Cuba announced on Sept. 13 that it will begin administering its own COVID-19 vaccinations to children as young as two, despite the vaccines having not yet been recognized by the World Health Organisation (WHO).
The announcement was made through Cuba’s state-run media, and the country aims to inoculate at least 90 percent of the population, according to Voice of America.
Around 38.7 percent of Cuba’s population is fully vaccinated, about 4.39 million people. Over 64 percent of the population has received at least one vaccination shot, according to government data.
However, the communist country has seen an increase in the number of coronavirus infections in recent months, and has one of the highest rates of COVID-19 in the world.
It recorded a record-high 268,259 new cases and 2,545 deaths in August alone, according to data from the Johns Hopkins Coronavirus Resource Centre, which is tracking the pandemic.
“The number of coronavirus infections happening in Cuba in recent months in the pediatric population is alarming,” said Health Minister José Angel Portal Miranda in an op-ed published in the official government news site Cubadebate earlier this month. “Extremely worrying is the daily increase in the number of infants that tested positive for COVID-19.”
According to the health minister, there have been 117,500 minors diagnosed with COVID-19 throughout the pandemic. More than 7,660 of those infants were under one year of age.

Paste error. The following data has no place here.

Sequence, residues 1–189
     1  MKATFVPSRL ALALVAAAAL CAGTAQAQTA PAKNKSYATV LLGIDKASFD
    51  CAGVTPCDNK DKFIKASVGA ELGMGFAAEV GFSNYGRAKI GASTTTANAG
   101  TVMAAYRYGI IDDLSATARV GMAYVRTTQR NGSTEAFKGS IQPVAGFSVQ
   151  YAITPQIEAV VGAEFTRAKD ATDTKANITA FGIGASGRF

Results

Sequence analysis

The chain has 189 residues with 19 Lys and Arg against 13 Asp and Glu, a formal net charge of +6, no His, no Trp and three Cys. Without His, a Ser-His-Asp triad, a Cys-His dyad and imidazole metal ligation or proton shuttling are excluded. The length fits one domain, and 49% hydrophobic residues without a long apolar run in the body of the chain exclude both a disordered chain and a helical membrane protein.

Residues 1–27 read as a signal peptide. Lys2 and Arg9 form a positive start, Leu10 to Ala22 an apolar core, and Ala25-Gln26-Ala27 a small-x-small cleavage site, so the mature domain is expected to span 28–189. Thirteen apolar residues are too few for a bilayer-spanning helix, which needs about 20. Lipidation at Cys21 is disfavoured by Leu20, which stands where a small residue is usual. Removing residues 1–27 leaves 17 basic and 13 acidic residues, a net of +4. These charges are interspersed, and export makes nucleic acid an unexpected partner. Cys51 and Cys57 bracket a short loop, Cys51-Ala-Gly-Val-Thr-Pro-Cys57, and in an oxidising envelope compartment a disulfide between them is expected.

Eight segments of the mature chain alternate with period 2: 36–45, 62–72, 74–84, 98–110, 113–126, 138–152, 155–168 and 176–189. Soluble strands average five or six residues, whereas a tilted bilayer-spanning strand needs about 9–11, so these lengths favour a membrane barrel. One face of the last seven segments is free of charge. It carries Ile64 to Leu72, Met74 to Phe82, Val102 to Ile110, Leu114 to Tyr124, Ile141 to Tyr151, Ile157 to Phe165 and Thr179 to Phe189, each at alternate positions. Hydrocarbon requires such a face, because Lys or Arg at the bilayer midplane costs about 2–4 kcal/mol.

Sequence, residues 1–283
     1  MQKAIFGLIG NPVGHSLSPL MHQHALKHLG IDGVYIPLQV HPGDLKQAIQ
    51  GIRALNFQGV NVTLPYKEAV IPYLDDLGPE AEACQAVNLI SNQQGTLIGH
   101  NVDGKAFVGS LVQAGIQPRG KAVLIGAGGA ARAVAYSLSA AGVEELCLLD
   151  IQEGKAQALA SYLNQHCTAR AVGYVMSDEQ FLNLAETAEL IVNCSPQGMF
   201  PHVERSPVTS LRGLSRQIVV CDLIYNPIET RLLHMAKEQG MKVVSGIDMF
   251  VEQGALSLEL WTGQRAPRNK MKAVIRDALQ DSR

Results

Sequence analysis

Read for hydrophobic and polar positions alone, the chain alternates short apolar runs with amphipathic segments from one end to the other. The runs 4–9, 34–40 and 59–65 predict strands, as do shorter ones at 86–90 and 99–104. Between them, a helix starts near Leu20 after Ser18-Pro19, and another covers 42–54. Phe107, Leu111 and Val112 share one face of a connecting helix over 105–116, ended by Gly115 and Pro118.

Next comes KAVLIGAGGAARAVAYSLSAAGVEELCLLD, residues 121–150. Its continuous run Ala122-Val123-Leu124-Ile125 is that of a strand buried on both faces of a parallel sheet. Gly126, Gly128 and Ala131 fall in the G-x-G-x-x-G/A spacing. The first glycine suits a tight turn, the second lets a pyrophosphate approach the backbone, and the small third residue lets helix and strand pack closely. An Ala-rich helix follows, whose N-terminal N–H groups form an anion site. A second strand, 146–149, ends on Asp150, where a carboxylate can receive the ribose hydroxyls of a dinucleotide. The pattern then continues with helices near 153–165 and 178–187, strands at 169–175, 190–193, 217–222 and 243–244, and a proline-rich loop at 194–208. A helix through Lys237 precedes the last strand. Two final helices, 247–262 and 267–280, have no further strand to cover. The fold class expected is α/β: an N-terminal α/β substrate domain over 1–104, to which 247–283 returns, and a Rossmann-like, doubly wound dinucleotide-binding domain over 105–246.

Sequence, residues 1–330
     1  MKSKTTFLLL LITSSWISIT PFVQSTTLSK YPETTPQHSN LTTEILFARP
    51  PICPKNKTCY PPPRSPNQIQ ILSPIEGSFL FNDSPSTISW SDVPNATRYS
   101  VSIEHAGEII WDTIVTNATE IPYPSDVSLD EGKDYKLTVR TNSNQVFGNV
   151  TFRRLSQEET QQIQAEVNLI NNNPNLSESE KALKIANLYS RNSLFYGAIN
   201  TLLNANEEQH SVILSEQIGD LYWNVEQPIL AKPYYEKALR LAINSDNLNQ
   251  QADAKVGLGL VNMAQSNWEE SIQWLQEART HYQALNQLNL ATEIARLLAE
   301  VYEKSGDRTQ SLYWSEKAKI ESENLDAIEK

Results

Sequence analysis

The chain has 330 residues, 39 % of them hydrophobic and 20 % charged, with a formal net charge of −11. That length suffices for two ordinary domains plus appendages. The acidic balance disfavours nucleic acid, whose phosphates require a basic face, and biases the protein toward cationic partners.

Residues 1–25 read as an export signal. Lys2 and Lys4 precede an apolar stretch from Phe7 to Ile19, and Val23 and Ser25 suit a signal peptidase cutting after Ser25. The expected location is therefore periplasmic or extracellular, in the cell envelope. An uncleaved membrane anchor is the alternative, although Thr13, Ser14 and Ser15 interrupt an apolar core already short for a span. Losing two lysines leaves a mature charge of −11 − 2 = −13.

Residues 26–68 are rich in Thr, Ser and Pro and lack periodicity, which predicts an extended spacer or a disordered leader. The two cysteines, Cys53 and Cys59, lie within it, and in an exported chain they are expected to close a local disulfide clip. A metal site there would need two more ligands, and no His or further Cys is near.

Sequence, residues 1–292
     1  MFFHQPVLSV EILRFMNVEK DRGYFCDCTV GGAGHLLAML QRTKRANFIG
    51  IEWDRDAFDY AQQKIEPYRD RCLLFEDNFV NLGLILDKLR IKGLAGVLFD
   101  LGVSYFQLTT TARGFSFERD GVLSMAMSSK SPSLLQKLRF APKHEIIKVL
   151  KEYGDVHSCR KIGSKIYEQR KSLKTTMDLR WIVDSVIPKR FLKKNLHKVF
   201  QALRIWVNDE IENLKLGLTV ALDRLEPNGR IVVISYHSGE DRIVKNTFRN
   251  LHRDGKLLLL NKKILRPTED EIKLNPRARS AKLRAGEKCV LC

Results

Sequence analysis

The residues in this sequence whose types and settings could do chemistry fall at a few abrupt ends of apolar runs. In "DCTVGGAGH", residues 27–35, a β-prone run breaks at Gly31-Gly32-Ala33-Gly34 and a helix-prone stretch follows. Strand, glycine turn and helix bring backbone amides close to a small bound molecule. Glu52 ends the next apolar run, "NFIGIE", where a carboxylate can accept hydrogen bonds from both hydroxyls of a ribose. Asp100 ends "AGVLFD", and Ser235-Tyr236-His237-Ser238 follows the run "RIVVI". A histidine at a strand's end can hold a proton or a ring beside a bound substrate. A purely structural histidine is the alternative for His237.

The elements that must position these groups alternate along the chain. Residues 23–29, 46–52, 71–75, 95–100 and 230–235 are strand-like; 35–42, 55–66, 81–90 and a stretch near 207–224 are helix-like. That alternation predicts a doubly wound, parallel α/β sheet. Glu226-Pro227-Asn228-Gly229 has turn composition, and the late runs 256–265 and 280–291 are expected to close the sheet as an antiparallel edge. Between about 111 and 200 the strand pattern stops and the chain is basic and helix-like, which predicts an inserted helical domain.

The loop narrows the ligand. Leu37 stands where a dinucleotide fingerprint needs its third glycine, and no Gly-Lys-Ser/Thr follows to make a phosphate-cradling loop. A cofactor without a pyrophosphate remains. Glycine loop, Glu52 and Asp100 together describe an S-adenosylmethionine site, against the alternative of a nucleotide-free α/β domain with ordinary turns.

The health minister noted that throughout 2020, 58 children under the age of one were reportedly infected with COVID-19 but that this figure rose to 84 between Feb. 1 and 15, 2021.
He added that studies are still being conducted to determine how the virus impacts minors, but that research has shown that children under one may have a higher risk of becoming seriously ill with the virus compared to older children.
The country said initial results showed the homegrown vaccines, Abdala and Soberana-2, are similar to some of the world’s top vaccines such as Pfizer-BioNTech and Moderna in reducing transmission rates, critical illness, and death.
However, while both have been approved by local regulators relying on limited clinical data on the efficacy which was tested on 350 minors between the ages of 3 and 18, they have not yet undergone international peer-review, The Chronicle reports.
Despite this, Cuba’s government is eager to get children back to school, as most Cuban homes do not have internet access and children have relied on learning through television programs since March 2020 when schools were closed, VOA notes.
Children ages 2–18 will receive the Soberana-2 vaccine while adults will receive Abdala. Both vaccinations require two shots and a third booster shot.
“We have children dying, getting severe disease,” said Dr. Vicente Verez Bencomo, director of the Finlay Institute, in a video conference organized by Harvard’s David Rockefeller Center for Latin American Studies. “We are vaccinating children so we are moving closer to the point there is community immunity established.”